This always puzzled me. There are never enough tanks and healers because both jobs are stressful and they’re the first players who get blamed when stuff goes wrong in pubs.
You think one of these mmos would have solved this problem instead of just shrugging it off and going, “oh well, here have a big roulette bonus.”
I played a tank not knowing what it was at first because I liked the armors. I still played one after I understood the role because I liked instant queues, and also the armors, but the semi-stress of it and boredom of the role is also why I stopped.
Meanwhile, every expansion adds more new DPS classes cause that’s what’s popular but I’m like
A general rule of online games is that you can’t make more people want to play support classes. If you add more types of tanks, you do not get more tanks, you get the existing tank players to diversify more. Same for healers. There’s a core ~70% of the player base that will never want that responsibility and just want to do Cool Stuff.
See also the running gag of how certain kinds of DPS can’t seem to stay upright, no matter the content. Similarly, there’s a large subset of the playerbase that simply will not understand what they are supposed to be doing unless their roles are clearly delineated by the game, and any classes with sufficient responsibility to the team are going to be avoided by the vast majority.
So if you’re a big AAA game developer, you see this, and you attempt to justify spending resources on the ~30% of your player base as opposed to the 70%, and end up coming up with a long sequence of compromises just to get the funding to do anything at all.
It’s not an easy/clear-cut problem, especially since it’s only multiplayer in the vaguest, most pandering sense to begin with.
is there like a players guide to this with nice integration of looking stuff up like wow had with alakazam? I have a lot of questions getting back into this after a year and a half I think - there’s a lot I forgot I should be doing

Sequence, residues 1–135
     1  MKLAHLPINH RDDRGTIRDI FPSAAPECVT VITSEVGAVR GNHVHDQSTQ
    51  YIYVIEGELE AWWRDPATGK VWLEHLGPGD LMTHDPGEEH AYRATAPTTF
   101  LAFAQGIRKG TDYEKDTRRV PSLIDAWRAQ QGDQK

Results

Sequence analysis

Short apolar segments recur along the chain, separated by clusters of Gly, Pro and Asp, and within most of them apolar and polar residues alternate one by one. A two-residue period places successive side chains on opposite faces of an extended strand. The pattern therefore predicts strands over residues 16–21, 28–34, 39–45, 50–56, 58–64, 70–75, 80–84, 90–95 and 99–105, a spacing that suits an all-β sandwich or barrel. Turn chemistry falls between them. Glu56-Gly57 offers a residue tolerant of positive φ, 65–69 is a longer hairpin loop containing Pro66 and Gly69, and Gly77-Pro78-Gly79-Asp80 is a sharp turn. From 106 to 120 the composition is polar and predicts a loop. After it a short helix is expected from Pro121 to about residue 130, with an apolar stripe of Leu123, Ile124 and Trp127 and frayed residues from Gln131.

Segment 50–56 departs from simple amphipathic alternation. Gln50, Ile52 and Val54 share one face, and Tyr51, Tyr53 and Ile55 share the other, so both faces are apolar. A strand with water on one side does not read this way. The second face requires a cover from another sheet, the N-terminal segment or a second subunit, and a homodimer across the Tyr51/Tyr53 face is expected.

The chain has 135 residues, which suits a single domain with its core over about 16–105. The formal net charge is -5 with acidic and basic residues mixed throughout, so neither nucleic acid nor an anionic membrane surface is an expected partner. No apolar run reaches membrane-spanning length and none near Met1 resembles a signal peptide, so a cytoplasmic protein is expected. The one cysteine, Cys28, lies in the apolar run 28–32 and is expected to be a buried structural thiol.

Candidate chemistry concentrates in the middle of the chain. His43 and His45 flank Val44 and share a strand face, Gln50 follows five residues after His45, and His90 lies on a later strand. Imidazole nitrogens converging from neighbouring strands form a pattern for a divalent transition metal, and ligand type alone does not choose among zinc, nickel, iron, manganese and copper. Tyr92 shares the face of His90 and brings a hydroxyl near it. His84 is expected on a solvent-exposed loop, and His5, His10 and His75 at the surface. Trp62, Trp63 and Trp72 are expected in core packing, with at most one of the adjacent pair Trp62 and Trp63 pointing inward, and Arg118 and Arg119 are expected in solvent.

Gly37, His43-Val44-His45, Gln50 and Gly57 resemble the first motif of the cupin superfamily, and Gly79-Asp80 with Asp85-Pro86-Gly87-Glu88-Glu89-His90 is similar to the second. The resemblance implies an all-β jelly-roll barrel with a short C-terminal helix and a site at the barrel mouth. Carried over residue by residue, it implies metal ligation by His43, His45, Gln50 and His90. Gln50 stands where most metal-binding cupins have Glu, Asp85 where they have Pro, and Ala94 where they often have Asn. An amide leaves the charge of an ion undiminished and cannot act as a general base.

per the thread, how often should I be picking up additional classes or should I be going for that Crispy Dark Knight / Dragoon build I’ve always wanted in my Final Fantasy Spirit
One advantage of the Holy Trinity is it’s a relatively easy way to reach a minimal baseline of “acceptable group play” for new players. “Your job is to take hits, your job is to hit things, and your job is to keep the former two groups alive.” Pretty easy to explain well enough to shuttle people into the next piece of Content.
With the latest expansion, most of the remaining “cross-class” weirdness that came from the abandoned FFXIV 1.0 design has been removed or minimized, so now there’s no requirement to level any Job other than the one you really want to play right now to get the abilities you need – or to unlock the Job, for that matter. Dark Knight, Astrologian, and Mechanist aren’t available until you’ve made it to the start of the Heavensward story content, so if DRK is what you want to play, get cozy with Dragoon for a couple months of sensible play speed first.
It’s important to remember that games are aesthetics first, mechanics second.
So it’s more important for people to feel like they are Doing A Thing like the game said they would, and that the game gives feedback appropriate to the thing they are supposed to be doing, than it is for it to be an interesting thing.
City of Heroes had this problem. I loved that game, non-trinity, strong crowd-control and debuff/buff skills. Healing set was easily one of the weakest power sets in the entire game; it was also, by far, the most popular. And many of the strongest debuff skills were considered weak by the average player, because the feedback required some digging to understand.
People wanted to play heal-mash healers. Games cater to that audience. Shrug.
I’ve accepted over the years that games that play the way I enjoy most are either doomed to obscurity, or run as side content to a larger, more popular, easily digestible game.